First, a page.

Good morning. My friend Michael Gentile used to make these soft-shell crab sandwiches, the crabs fried in butter with a dusting of flour and Old Bay seasoning, on white bread with mayonnaise and really ripe summer tomatoes, and I got it into my head that I had to have one of those this August, preferably right away. But there were no peelers to be had at the fishmongers I visited, day after day. I was always 10 minutes too late. “We had them earlier,” said the man in the mask, inevitably, stomping his deck boots on the wet concrete floor.
I got a little sad about that. The heart wants what it wants. But after a few days of strikeouts, I managed to conjure up a vision of a shrimp po’ boy made in a similar fashion, but on a torpedo roll with some chopped cabbage, jalapeño and lime juice in addition to the tomato and mayonnaise. It took on the resonance, the must-have quality, of the crab sandwich I could not make. And it became my no-recipe recipe for the week.
Peel about a third of a pound of shrimp per person. Assemble a slaw: chopped cabbage and jalapeño, maybe some slivered carrots, a lot of lime juice, some salt and pepper. Slice ripe summer tomatoes. Cut open torpedo rolls. Then toss the shrimp with a little bit of cornstarch and Old Bay seasoning and sauté them in butter until they’re a little crisp, very pink, just done. Slather mayonnaise on the torpedo rolls, stuff them with the shrimp, tomatoes and slaw. Consume with something very cold, ideally outside in the summer’s eve.
But you may have been looking for an actual recipe. These chorizo sloppy Joes with kale and provolone (above) may answer, a meditation on Rhode Island cooking that I learned from the chef Matthew Hyland. Or these chile-oil noodles with scallions could work, spicy and tingly alike? Maybe this one-pot pasta with ricotta and lemon?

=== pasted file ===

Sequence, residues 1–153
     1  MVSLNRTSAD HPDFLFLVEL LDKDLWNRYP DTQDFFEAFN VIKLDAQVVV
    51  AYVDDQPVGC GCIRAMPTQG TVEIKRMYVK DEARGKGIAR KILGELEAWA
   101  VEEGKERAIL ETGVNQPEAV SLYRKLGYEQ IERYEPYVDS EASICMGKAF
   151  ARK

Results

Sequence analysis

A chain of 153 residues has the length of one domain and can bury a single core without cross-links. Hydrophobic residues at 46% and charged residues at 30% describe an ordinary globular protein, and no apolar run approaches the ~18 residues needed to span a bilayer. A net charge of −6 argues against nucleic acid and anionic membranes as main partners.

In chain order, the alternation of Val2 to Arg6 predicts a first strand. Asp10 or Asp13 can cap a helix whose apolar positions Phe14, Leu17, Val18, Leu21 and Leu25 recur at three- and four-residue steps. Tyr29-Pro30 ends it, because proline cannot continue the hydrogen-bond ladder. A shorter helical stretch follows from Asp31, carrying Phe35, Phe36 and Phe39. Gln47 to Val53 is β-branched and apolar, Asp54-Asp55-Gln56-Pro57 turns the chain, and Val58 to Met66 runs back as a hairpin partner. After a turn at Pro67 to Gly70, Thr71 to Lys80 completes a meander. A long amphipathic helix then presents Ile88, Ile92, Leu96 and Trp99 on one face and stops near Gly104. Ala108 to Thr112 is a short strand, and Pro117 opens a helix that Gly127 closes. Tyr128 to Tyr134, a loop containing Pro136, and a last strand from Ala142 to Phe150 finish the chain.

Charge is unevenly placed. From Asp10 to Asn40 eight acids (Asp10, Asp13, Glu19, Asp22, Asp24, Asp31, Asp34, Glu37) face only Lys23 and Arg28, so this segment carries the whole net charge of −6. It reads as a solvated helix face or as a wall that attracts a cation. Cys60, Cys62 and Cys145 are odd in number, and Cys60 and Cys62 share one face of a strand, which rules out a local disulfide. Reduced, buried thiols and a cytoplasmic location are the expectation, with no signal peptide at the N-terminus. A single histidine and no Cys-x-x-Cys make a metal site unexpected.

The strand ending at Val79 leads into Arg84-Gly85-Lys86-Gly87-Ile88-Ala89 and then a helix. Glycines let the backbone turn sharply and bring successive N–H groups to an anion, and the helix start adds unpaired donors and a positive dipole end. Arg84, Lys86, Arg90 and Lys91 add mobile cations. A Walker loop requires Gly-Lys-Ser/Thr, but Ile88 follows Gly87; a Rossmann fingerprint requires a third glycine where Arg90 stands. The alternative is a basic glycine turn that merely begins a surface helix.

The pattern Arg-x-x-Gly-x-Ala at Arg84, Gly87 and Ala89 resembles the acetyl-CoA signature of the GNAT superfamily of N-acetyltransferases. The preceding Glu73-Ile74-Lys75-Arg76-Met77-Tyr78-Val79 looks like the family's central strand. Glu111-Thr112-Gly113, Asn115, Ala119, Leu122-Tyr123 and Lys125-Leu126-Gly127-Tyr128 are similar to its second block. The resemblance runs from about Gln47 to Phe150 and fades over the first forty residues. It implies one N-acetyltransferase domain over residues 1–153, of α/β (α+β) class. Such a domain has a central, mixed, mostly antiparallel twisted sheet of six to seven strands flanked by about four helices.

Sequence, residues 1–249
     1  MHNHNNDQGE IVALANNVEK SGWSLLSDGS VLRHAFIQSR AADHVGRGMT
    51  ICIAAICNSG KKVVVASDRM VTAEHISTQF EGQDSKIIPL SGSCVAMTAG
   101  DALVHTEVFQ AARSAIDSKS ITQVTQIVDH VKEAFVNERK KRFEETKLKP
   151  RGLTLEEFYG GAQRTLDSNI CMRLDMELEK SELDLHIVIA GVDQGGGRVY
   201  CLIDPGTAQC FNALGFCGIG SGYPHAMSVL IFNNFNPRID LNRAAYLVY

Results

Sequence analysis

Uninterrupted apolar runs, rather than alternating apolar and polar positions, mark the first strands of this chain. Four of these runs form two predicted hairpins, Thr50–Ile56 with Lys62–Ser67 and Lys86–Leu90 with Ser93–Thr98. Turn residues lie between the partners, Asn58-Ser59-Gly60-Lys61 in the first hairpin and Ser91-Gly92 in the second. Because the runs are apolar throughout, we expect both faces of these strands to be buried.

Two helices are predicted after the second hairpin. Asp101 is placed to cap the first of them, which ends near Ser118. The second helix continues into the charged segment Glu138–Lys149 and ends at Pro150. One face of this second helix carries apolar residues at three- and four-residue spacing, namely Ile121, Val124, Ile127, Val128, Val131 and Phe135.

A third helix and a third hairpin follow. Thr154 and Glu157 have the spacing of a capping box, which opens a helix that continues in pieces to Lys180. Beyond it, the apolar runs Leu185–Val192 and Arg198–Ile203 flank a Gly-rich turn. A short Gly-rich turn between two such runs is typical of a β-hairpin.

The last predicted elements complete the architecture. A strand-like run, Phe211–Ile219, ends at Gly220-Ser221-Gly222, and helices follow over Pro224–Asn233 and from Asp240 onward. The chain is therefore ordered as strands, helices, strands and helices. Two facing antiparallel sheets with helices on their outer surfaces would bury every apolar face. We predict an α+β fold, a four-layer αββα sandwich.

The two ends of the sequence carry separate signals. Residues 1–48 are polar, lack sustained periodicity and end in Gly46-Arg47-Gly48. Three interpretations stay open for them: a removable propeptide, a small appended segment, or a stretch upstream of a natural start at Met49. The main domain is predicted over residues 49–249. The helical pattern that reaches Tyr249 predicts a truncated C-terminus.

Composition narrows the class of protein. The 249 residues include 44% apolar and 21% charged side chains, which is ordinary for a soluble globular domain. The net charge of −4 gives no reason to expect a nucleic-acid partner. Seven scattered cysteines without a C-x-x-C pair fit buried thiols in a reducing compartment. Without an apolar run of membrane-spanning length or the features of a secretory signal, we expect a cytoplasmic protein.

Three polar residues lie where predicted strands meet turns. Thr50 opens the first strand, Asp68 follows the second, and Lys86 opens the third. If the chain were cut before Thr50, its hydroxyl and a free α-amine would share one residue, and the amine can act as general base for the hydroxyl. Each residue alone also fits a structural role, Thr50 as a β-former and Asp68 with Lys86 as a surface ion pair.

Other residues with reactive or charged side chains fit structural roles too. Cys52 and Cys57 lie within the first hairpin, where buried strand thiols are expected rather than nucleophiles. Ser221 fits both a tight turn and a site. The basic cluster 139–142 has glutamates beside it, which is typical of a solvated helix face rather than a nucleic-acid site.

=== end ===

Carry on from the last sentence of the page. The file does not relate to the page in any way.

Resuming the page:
Spatchcocked chicken with herb butter would be a nice thing to eat this week. As would this grain bowl with tofu that was brought to us by Samin Nosrat. An easy weeknight salmon dinner? A corn and seafood stew with avocado and chiles? Yes, please.
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Now, it’s nothing to do with poultry or five-spice powder, but you may be in need of a diversionary beach read of the sort you can power out in a day. I present “Anna K,” by Jenny Lee.
I loved this Ellen Barry dispatch from Peacham, Vt., in The Times, on a farmer-influencer who makes more from his social media posts than from the ducks he farms.
Listen to Alexander 23, “Caught in the Middle.”
Finally, please spend some time with Jason Farago’s masterful “Close Read” of “Ejiri in Suruga Province,” the 10th woodblock print in Katsushika Hokusai’s famous cycle “Thirty-Six Views of Mount Fuji,” made between 1830 and 1832. It’s an amazing piece of new-era art criticism in The Times, thrilling to read and study. And I’ll be back on Friday.